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Mr Blandings Builds his Dream House


Eric Hodgins’ novel Mr Blandings Builds his Dream House came to life on the big screen, with hilarious performances by Cary Grant and Myrna Loy as New York apartment dwellers Jim and Muriel Blandings.

In their crowded New York flat, shared with two daughters and a maid, the daily convergence of adults and children at the single bath room encourages them to think about relocation. Set in the post-war 50s, Jim Blandings chooses suburban flight and the ranks of commuters over urban homesteading. Exploring rural Connecticut, the comedy of errors involves real estate agents, contractors, well drillers, and their hapless but thoroughly professional architect Bill. The wreck of an “historic house” they acquire makes “Money Pit” seem like a romp in the park. When it essentially collapses, they set about the design and construction of a new house that could have been in “Pleasantville”.

Jim Blandings is an advertising executive and poorly versed in the building arts. Yet, as the lord of his soon-to-be manor, Jim feels compelled to involve himself in all aspects of the project. I’ve always thought that this is one of two films that all architecture majors should see (the other is “Witness”) because it says so very much about the inability of most Americans to understand what design and construction are about.

In one scene with architect Bill strategically not on the premises, a carpenter inquires about information missing from the plans. “These,” he intones in a Brooklyn accent, “don’t say nothin’ ’bout no rabbetted lallies. You want ’em rabbetted or not?” As cost overruns had already become an issue, it seems thrifty for Jim to say “no,” which he does with karmic consequence. But my favorite line is delivered by Muriel Blandings, who notes much earlier in the film “There are those who observe and those who participate”, apropos of what I cannot recall.

At one point I thought Muriel had spoken my epitaph.

“A few figs from thistles…”

by Howard A. Tabor

Bearing Witness

“There comes a time in your life, when you walk away from all the drama and people who create it. You surround yourself with people who make you laugh. Forget the bad, and focus on the good. Love the people who treat you right, pray for the ones who don’t. Life is too short to be anything but happy. Falling down is a part of life, getting back up is living.”José N. Harris, Mi Vida

I haven’t read José Harris’s book, but this quote peppers my FaceBook feed several times a month, where I’ve often been inclined to click “Like.” And then, for some reason I hesitate and don’t. What is it about this upbeat, life-affirming advisory that nags me each time it appears?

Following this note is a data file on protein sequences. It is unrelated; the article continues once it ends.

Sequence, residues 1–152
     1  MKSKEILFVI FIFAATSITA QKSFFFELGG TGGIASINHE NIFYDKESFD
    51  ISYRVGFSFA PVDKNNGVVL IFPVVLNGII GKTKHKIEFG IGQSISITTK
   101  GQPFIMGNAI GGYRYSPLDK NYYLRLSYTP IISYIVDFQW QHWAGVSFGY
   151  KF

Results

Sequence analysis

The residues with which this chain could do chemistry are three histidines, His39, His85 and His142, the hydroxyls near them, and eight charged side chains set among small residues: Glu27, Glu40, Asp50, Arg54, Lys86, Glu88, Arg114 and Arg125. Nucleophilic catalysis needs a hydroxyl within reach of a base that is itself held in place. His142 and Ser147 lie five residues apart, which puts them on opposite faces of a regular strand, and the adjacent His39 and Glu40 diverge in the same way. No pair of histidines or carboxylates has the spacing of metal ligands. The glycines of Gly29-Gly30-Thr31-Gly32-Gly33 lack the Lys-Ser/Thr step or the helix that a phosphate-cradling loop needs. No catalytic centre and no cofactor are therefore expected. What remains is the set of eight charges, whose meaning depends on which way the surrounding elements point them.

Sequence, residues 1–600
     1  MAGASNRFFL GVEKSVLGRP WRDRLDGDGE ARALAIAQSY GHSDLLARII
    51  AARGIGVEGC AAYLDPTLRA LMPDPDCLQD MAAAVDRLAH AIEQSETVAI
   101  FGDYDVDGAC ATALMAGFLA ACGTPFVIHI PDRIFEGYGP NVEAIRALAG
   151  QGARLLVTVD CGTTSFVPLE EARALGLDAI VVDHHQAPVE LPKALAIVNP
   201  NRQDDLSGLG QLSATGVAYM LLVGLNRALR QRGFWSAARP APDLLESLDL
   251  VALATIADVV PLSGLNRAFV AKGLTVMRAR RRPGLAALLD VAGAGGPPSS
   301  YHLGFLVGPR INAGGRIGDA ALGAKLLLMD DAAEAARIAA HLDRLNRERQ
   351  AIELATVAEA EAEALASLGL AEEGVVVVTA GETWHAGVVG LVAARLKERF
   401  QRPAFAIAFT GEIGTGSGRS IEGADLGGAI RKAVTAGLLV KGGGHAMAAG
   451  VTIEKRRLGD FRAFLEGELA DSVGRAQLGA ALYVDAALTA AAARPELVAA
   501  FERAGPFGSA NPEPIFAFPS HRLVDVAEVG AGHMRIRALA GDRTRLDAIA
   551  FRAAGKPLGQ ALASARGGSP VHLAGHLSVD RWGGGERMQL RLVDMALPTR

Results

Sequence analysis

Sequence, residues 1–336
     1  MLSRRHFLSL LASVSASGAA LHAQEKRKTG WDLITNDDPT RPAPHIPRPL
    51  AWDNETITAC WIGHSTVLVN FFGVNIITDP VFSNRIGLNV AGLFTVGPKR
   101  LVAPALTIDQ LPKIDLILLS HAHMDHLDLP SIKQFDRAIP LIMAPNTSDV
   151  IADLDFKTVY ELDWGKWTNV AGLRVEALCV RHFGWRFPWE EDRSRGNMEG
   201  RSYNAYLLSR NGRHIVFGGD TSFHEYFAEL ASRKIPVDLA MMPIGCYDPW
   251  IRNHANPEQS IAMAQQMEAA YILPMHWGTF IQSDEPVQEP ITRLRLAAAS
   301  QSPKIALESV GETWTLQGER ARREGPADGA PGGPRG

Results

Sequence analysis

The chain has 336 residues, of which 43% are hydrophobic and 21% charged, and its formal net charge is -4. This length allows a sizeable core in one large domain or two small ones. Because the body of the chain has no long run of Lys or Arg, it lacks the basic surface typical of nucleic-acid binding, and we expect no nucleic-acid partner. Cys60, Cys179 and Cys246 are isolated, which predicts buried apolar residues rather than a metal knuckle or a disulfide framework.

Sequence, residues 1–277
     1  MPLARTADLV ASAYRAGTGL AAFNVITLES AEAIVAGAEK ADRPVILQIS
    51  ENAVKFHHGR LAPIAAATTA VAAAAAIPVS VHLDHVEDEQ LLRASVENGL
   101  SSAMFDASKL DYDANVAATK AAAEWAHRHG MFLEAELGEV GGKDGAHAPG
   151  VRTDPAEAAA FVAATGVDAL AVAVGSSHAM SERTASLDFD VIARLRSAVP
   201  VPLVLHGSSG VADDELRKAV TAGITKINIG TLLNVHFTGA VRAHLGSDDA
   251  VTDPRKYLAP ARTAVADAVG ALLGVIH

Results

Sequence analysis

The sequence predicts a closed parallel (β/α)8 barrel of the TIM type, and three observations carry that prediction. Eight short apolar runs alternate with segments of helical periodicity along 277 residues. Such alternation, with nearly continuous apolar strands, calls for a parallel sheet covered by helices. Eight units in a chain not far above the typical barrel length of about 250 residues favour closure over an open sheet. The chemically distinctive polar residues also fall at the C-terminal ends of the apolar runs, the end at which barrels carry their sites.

Perhaps it’s the very essence of FaceBook itself and other social media, where we’re enabled to associate with like-minded folks who think and act and vote like we do. Oh, I do enjoy the knowledge that there are people out there who make me laugh and treat me right. It’s also temporarily comforting to forget the bad, but also sanctimonious to pray for those outside my comfort zone; who treat me poorly, if at all; the “others” who have not been labeled “friend.” I do not welcome drama, and I certainly hope not to have contributed more than my share to the polarized political discourse of our time. But I resist withdrawing my bucket and shovel from the sandbox of life to play in a comfortable corner with those of like and likeable mind.

Life is too short to think that my happiness is all that matters, which reminds me of our late friend James Edward Tierney, whose passing eighteen months ago left a gaping hole.


With Tea Party single-mindedness, Jim Tierney bore witness to a belief in theater as the salvation of the world. I auditioned once—during my high school years, which I try not to think about—for a Tierney production of “A Thurber Carnival” at the community theater he founded. Whatever I read for him evaporated long ago from my recollection, but I will always treasure the skill with which he drew out the best I had to offer and how gently I was thanked for my effort, with the clear understanding that my future might be in words, but decidedly not those delivered upon the stage.

Several years later, after I had gone to Chicago and joined the dubious profession of journalism through its side door, Jim and I had occasion to talk about a certain actress of local renown. I recall the incision of his observation: “Oh, she’s not acting. Narcissists know only one way to behave.” Jim made enemies—some wouldn’t set foot in the theater while he lived; their loss—but he also made actorsHe made participants of those who had merely observed.

Marine boot camp at Paris Island was child’s play compared to a Tierney production. His casting was odd, eccentric, even exotic; often passing over superficially better actors for a less experienced choice. He risked the untested and tried the untrod. He tamed the unruly and released the inner beast of the mild-mannered and milquetoast among us. [I, presumably, had no inner beast, which is good to know but hard to admit.] Granted, Jim Tierney made both friends and enemies along the way, and on this point he is like the vast majority of his fellow creatures. But he also bore witness to a standard that inspired us all and raised the bar for the community’s cultural life. 

So, I will humbly disagree with author José N. Harris and welcome life’s drama; I will engage both the good and the bad and pray for the perspicacity to see the difference between them.

Life is too short to seek nothing but happiness.

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